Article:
Our luck story

María del Pino Guilabert, 23, feels relieved her grandparents are save, her uncle is healthy and she can get on with her life.

Anxiety was the leading feeling at my home for almost two weeks.

You can never know if you’ll be the next one. Going to the films, getting on a bus, having dinner at a restaurant, partying at a club… We’ve assumed COVID-19 only spreads in such situations where safety measures cannot be respected. 

But what about your home and your family?

Living with my grandparents, uncle and cousins means our coexisting group is formed by ten people, not three. Three times more chance of one of us getting the ‘bug’, thrice as probable to get infected and a risk exponentially higher for my grandparents to be hospitalised. 

Although, my family wasn’t the case; my uncle and I were the only ones infected. 

Often I wondered if we should have worn face masks at home – as many families do – but our trust in each other has overridden what is comfortable over what is safe. Luckily no one was harmed, but like my grandad said: “there is a fine line between luck and chance”. 

For me it wasn’t luck, I wonder if it just wasn’t their turn.

Now, they’ve been vaccinated – one of the first in the country, as they are over 90 years old – and some of us are immune, but looking back I thank our destiny for giving me more time with them. 

Reclaiming the night

Abbigail Hilton-Casey, 21, captured unrest in art when she photographed for Reclaim the Night Leeds’s ’97%’ exhibition.

I didn’t start out with the intention to do the project, I just had so much rage and I didn’t know what to do with it. 

I remember reading about Sarah Everard’s death on Twitter and feeling my heart sink. It was so grim I didn’t want to think about it, but it started so many conversations. 

I couldn’t stop thinking about every horrific story friends had told me and every time I’ve walked home at night with my keys between my knuckles. 

After days of hearing more and more stories from other girls my anxiety turned to anger. That’s when I reached out to Reclaim the Night Leeds and talked about doing photos for them. 

I put a post out on Facebook and was overwhelmed by the number of women who reached out and wanted to take part – I felt like we were taking the power back. 

I photographed the girls in places in Leeds where they’ve felt uncomfortable walking home at night. It was a really emotional project to work on but I was so proud of the girls who took part and the work I’ve made.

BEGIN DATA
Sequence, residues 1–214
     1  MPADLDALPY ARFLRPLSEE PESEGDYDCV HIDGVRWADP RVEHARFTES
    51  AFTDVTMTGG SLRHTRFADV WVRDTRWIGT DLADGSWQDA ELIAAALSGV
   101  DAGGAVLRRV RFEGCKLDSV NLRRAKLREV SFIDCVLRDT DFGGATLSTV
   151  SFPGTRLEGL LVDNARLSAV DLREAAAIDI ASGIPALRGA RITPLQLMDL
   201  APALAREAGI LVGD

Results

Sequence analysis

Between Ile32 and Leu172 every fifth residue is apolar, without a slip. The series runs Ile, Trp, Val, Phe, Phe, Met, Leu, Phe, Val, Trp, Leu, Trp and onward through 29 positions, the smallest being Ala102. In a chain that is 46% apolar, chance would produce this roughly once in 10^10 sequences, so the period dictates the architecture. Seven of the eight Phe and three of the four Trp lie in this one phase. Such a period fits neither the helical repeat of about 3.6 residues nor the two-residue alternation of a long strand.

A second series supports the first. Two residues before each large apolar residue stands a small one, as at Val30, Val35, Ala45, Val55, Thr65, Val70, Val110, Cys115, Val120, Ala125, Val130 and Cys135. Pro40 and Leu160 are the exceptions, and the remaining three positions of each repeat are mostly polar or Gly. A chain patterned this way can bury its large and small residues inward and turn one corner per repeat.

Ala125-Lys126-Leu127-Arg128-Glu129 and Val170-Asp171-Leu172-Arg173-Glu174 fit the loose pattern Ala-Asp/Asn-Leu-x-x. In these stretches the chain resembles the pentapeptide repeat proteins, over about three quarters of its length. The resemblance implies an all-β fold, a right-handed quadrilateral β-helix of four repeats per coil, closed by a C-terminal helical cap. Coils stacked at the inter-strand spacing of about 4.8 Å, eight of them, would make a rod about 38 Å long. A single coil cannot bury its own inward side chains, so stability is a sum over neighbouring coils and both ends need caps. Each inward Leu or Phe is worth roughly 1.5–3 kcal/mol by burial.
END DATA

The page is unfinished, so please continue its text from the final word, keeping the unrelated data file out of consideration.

‘Knot’ letting Covid stop creativity

Galit holding some of her macrame products
Galit can spend up to 10 hours a day making her Macrame pieces

From toilet brush holders to giant wall hangings, Galit Colombick has made over a thousand macrame products over lockdown.

In March 2020 self-employed active agent Galit Colombick was just starting to recruit new clients for her fitness business when the whole country was ordered to ‘stay indoors’.

“Then it hit us and I just couldn’t work, you see I don’t get furlough for my job because it was a little business. I didn’t want to worry, my husband said we’ll be fine and I tried not to worry”

With just her and her husband in the house Galit said she wanted to find something “creative” to do with her time.

“Im not sure why the Macrame came to me but it did and it soon became a sort of addiction”

Galit started to make the macrame products just for friends and family. When the demand increased she saw an opportunity to make some money and start to replace the financial hole that COVID-19 had caused by taking away her business.

“I think I must have made over a thousand products now and its meant that being in lockdown hasn’t seemed so bad to me”

With her Instagram following building Galit now has an Etsy store selling her products and a stall at the Leeds city centre market that occurs every second Saturday.

From barista To detective

Lockdown was tough, but I’m excited to start my career.

I went into lockdown feeling pretty lost, like a lot of graduates my age.

At first, I enjoyed it because of the novelty of the situation; I was getting furloughed by the cafe that I’d been working at, it was sunny and COVID was new and frightening for everybody in the country.

After a while though, I really started to worry about job prospects during the pandemic. I’d had no luck with grad jobs after my criminology degree finished in 2019.

About six months ago, I saw an opening for the Metropolitan Police Detective Training scheme so I applied for it. I genuinely wasn’t expecting to even get through the first stage, but they offered me an interview – along with a handful more.